*NEWS*USPS WANTS YOUR EMPTY CTGS

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*NEWS*USPS WANTS YOUR EMPTY CTGS

 user 2006-03-09 at 12:37:00 pm Views: 92
  • #14755

    Postal Service eyes e-waste recycling, seeks industry partner Old cell phones and printer cartridges could be dropped off at post offices
    (SORRY FOR THE LATE NOTICE)

    march, 2006   – The U.S. Postal Service (USPS) is considering a partnership with one or more
    companies to create a nationwide e-waste recycling program.
    In a request for proposals, the USPS said the program would allow consumers and small businesses to safely and conveniently dispose of obsolete equipment, which would initially include ink-jet and laser toner cartridges and cell phones. Other items such as computer hardware, peripheral devices and household electronics could be added later or collected periodically, the agency said in its request (download document). The main purpose of the initiative is to generate revenue for the USPS.
    The Postal Service said it would offer the service through its approximately 38,000 retail locations, 300,000 collection boxes and 290,000 letter carriers. Post office lobbies could be used to promote the program, as collection points for e-waste or for distribution of packaging and labels used for return shipments, the USPS said.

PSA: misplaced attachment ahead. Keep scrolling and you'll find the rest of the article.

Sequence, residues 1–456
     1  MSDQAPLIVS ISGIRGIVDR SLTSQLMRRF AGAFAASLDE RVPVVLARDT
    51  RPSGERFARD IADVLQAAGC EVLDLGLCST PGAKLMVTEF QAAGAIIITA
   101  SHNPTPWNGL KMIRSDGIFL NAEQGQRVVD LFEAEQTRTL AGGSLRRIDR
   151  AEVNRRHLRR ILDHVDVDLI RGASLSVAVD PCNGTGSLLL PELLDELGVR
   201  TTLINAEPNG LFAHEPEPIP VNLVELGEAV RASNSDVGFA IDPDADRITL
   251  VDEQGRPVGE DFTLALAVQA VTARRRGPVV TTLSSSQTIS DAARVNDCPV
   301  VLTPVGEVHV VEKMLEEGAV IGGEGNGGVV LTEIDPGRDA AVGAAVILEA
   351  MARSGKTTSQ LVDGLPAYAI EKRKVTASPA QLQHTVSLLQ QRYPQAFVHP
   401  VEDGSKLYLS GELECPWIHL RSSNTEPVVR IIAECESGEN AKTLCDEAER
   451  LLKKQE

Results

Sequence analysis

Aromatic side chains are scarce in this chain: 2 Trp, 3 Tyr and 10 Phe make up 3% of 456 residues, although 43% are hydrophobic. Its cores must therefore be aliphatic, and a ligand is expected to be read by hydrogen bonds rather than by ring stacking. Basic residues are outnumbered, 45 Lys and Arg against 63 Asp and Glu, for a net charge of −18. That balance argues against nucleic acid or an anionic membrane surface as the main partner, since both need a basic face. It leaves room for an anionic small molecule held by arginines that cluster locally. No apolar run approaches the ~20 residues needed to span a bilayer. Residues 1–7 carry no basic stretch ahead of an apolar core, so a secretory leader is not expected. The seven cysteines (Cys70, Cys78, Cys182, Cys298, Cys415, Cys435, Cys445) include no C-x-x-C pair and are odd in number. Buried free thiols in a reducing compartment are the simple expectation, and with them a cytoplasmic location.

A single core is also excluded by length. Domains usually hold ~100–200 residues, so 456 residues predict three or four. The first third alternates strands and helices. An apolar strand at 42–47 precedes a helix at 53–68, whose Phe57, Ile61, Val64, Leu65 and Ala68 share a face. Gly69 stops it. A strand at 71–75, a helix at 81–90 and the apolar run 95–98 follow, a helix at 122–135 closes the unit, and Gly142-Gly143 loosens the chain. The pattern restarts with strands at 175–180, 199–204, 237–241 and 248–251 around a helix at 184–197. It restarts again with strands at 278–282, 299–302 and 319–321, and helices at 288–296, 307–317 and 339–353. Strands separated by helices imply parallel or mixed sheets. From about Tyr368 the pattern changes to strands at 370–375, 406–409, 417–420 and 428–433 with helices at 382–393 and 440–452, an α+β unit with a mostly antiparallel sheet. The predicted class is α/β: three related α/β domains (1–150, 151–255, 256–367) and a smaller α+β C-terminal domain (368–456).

Since 1999, a select number of the agency’s retail locations have participated in a trial program to recycle used ink-jet printer cartridges. Under that program, a user can purchase prepaid, preaddressed shipping envelopes at a participating post office, enclose the cartridge in the envelope and send it to a recycling facility. The envelope and the cost of the return shipment are paid for by the recycling partner, the USPS said. The plan is to replace the trial effort with a permanent e-recycling program.
    The USPS said it’s primarily looking for a partner that would agree to be charged for shipments initiated by a customer using the Postal Service’s returns service. The partner would also take possession of the returned goods or contract with another company to do so.
    The Postal Service said it would also look at other business models, including charging customers returning the goods for postage and/or other fees. However, the agency said this model might slow adoption of the program.
    Companies have until March 10 to respond to the USPS’s request for proposals.